Hawaii: Racial Problem and Naval Base

Courtesy Reuters

TO THE tourist Hawaii means "Aloha," the land of friendship and flowers and moonlit surf at Waikiki -- "the loveliest fleet of islands that lies anchored in any sea." But to the statesman, the diplomat and the General Staffs of the Army and Navy it means America's powerful mid-Pacific naval base, it means problems of naval warfare and of national defense -- political as well as military. Among these problems one of the most serious arises from the racial composition of the islands' population. A few years ago it was frequently stated that Hawaii would soon be dominated by Japanese. In 1920 a political leader of Hawaii predicted: "Within seven years from now a majority of the voters in Hawaii will be Hawaiian-born Japanese." Somewhat later one of the leading Americans on the islands wrote, more conservatively: "Between 1940 and 1950 the voters of Japanese blood will reach the point of numerical majority."

It is now clear that these forecasts were entirely incorrect. Inhabitants of Japanese race will never constitute the majority of Hawaii's population; their proportion is now declining, and will continue to decline in the future. Among the voters, those of Japanese ancestry will never much exceed one out of three; and, once having attained that ratio, their proportion will thereafter gradually decrease. The most numerous racial group in Hawaii will eventually be, not the Japanese, but the Hawaiian and part Hawaiian.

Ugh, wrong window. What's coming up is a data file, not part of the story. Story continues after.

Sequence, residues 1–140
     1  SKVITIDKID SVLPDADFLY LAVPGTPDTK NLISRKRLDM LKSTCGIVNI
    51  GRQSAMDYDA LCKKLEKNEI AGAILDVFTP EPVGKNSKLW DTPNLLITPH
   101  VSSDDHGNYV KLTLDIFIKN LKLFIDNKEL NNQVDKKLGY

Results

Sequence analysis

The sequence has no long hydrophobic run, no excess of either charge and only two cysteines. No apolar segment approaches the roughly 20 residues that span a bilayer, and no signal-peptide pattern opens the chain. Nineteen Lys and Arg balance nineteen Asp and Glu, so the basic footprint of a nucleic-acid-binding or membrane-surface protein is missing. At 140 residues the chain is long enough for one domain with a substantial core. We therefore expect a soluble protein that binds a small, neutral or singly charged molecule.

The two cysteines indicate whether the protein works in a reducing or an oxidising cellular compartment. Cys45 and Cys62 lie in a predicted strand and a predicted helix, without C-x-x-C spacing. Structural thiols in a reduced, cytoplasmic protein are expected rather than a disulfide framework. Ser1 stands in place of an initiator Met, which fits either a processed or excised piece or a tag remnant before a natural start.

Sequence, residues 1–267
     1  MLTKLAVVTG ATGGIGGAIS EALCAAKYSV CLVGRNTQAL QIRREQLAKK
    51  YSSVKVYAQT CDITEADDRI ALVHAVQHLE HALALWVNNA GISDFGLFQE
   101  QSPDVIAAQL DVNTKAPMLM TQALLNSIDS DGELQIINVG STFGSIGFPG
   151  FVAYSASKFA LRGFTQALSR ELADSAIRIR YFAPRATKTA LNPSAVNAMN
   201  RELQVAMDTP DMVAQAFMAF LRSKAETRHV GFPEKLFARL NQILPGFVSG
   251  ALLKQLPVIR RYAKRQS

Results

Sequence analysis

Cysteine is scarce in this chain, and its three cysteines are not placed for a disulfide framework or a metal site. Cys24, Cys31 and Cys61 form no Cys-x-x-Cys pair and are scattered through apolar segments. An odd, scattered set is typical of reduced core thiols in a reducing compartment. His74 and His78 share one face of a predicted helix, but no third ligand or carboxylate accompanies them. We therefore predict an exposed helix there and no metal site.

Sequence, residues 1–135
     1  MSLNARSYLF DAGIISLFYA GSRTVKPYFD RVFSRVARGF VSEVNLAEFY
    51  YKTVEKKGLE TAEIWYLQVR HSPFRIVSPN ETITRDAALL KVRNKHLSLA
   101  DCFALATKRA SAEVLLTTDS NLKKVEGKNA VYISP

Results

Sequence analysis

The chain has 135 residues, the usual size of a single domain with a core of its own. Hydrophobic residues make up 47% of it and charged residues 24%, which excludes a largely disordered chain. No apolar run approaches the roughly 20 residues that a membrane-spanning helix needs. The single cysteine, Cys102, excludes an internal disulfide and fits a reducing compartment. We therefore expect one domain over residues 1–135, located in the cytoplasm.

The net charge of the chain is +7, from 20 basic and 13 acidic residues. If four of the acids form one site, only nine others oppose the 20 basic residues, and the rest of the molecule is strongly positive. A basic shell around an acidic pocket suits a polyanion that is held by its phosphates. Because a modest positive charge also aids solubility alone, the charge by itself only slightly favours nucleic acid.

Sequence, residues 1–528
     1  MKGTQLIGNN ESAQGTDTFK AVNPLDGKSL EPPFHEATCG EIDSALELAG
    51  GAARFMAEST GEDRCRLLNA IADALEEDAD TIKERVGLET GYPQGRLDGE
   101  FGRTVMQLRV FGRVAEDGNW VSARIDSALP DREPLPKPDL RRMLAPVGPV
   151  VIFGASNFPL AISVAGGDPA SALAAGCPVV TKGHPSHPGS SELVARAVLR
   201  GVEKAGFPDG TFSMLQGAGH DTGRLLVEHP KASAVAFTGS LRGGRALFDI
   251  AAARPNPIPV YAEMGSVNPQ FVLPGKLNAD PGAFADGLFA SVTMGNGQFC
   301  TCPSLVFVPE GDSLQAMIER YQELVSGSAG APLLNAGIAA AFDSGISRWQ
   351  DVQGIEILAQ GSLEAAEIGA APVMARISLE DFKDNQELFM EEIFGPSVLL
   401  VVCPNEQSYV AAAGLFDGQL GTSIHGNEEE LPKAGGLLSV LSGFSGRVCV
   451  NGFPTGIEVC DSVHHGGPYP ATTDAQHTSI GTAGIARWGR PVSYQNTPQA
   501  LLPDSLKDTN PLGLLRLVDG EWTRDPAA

Nevertheless, twenty years ago the prophecy that the Japanese would shortly constitute a majority of both the population and the electorate seemed reasonable enough. In 1920, they comprised nearly 43 percent of the population and that percentage appeared to be increasing. In 1923, 50.2 percent of the babies born in Hawaii were of Japanese parents. During the years 1912-1916, 53.8 percent of all the marriages performed in the islands were between Japanese. But since then the proportion of Japanese population, births and marriages has declined strikingly. In 1937, the Japanese constituted only 38.1 percent of the total population; and, of greater importance for the future, their births

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